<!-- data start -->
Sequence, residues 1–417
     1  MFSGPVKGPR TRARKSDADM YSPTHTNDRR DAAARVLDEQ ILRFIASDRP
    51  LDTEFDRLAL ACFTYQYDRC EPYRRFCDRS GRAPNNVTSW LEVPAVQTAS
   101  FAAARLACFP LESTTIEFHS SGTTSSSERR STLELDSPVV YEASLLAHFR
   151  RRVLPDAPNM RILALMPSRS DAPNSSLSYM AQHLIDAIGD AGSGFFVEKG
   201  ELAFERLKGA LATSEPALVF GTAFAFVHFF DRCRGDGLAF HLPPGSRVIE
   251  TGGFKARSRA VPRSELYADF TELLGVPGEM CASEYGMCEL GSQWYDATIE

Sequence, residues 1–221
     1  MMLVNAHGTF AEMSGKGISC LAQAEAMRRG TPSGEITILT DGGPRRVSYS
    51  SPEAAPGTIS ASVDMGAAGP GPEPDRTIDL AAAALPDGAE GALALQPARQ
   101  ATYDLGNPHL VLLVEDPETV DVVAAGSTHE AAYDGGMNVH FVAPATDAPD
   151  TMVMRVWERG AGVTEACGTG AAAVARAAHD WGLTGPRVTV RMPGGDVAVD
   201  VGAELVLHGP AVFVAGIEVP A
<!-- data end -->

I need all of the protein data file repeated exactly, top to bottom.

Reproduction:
Sequence, residues 1–417
     1  MFSGPVKGPR TRARKSDADM YSPTHTNDRR DAAARVLDEQ ILRFIASDRP
    51  LDTEFDRLAL ACFTYQYDRC EPYRRFCDRS GRAPNNVTSW LEVPAVQTAS
   101  FAAARLACFP LESTTIEFHS SGTTSSSERR STLELDSPVV YEASLLAHFR
   151  RRVLPDAPNM RILALMPSRS DAPNSSLSYM AQHLIDAIGD AGSGFFVEKG
   201  ELAFERLKGA LATSEPALVF GTAFAFVHFF DRCRGDGLAF HLPPGSRVIE
   251  TGGFKARSRA VPRSELYADF TELLGVPGEM CASEYGMCEL GSQWYDATIE

Sequence, residues 1–221
     1  MMLVNAHGTF AEMSGKGISC LAQAEAMRRG TPSGEITILT DGGPRRVSYS
    51  SPEAAPGTIS ASVDMGAAGP GPEPDRTIDL AAAALPDGAE GALALQPARQ
   101  ATYDLGNPHL VLLVEDPETV DVVAAGSTHE AAYDGGMNVH FVAPATDAPD
   151  TMVMRVWERG AGVTEACGTG AAAVARAAHD WGLTGPRVTV RMPGGDVAVD
   201  VGAELVLHGP AVFVAGIEVP A